Kielbasa is one of the baseline sausages that everyone learns when you are developing your skills as a sausage maker. It’s is such an icon, done in so many ways, that I am sure someone will criticize my recipe.
Let them. I like my kielbasa recipe, and it is reasonably close to the Official Recipe. You heard right: There is actually an “official,” kielbasa recipe endorsed by the Polish government. Kinda hilarious, if you think about it. Not sure that’s an area where the government needs to get itself involved, but that’s just me.
You should know that “kielbasa” simply means “sausage” in Polish. So if you were to find yourself in a real-deal Polish butcher shop and ask for some kielbasa, they’ll ask what kind.
What we generally call kielbasa here in the United States is Polska kielbasa wedzona in Poland. Incidentally, I am prone to pronouncing it “keel-BAH-see” because I am from New Jersey — you’ll hear this pronunciation all over the Mid-Atlantic region.
Everyone has his own kielbasa recipe. Let me restate that one more time. But there are a few things that distinguish real(ish) Polska kielbasa from the overly weird variants. I owe much of this information to the Marianski brothers, whose book Home Production of Quality Meats and Sausages is indispensable for any serious home sausage maker.
- First, kielbasa in America is almost always smoked, unless you are in a real-deal Polish deli, in which case there are all sorts of variants on the smoked kind. Fresh, unsmoked kielbasa is usually only found in a Polish meat market.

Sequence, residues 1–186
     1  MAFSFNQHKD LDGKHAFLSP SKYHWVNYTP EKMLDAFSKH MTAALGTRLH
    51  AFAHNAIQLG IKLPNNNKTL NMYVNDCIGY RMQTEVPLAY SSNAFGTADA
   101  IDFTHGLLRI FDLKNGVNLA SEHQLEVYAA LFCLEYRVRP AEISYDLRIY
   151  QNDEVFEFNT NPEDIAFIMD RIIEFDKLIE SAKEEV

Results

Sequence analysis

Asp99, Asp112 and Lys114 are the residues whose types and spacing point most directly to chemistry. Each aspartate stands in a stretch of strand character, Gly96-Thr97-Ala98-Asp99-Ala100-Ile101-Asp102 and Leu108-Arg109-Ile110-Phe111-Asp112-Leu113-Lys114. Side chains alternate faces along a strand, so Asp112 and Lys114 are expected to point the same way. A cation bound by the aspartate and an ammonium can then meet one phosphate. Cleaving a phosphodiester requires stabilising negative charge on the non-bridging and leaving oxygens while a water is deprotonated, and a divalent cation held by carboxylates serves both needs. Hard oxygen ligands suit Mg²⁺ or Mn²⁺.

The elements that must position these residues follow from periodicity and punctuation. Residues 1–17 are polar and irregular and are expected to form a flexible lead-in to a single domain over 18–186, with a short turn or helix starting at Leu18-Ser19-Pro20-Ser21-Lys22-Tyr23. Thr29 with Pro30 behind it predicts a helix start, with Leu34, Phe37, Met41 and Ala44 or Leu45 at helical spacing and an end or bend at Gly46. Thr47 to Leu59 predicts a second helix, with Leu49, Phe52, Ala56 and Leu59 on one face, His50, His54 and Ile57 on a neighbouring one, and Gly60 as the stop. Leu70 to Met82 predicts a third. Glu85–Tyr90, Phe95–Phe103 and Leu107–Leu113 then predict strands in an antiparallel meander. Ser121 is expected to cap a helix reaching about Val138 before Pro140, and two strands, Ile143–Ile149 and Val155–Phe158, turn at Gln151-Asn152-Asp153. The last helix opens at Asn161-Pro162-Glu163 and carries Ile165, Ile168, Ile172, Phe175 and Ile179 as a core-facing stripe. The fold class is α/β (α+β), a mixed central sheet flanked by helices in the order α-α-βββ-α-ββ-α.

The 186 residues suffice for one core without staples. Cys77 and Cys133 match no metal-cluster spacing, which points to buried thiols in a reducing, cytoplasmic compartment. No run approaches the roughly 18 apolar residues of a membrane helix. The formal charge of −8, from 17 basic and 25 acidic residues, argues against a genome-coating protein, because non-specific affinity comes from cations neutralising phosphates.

- Second, it is normally pork-based, often with a little beef tossed in. (My versions often use wild boar or black bear.)
- For the typical American version, it always includes Cure No. 1 (sodium nitrite), which gives it the pretty pink color — any “uncured” kielbasa you see that’s pink is a lie: They are using celery juice, which has as much sodium nitrite as the powder.
- Garlic is the main player. Marjoram is often there, but not always.
- No paprika! Adding paprika to a kielbasa turns it into a Hungarian sausage, which is awesome, but not kielbasa. You get the red color from the nitrite and the slow smoke.
If this seems overly controlling, it’s only meant to get you in the right ballpark. Similarly, a sweet Italian sausage would be weird without fennel seeds — or with chile flakes — and a bratwurst just wouldn’t be right without the nutmeg.
Making this sausage isn’t difficult if you have made smoked sausages before. If you haven’t, I highly recommend you review my tutorial on basic sausage-making I wrote over on Simply Recipes.
There is one wrinkle to my version of kielbasa, though. I sorta-kinda age it by letting the smoked links hang in my curing chamber (55°F at 70 percent humidity) for 2 to 4 days before I eat them. This dries them out just a little, and I think it improves the flavor a lot.
How to eat? Well, in any old way. On a hot dog bun, braised with sauerkraut and onions, put in stews, or the way I prefer, as a breakfast sausage. It was my late stepfather, Frank Kilpatrick, who turned me on to this. Frank loved to eat “keel-BAH-si” and always had it in the house.
We would eat it instead of bacon with eggs and toast in the morning; hell, Frank would often just lop off a couple inches right from the fridge and eat it as a snack — it is fully cooked, after all.
Frank is long gone. He died in 2001. But every time I eat a link of kielbasa for breakfast, I think of him.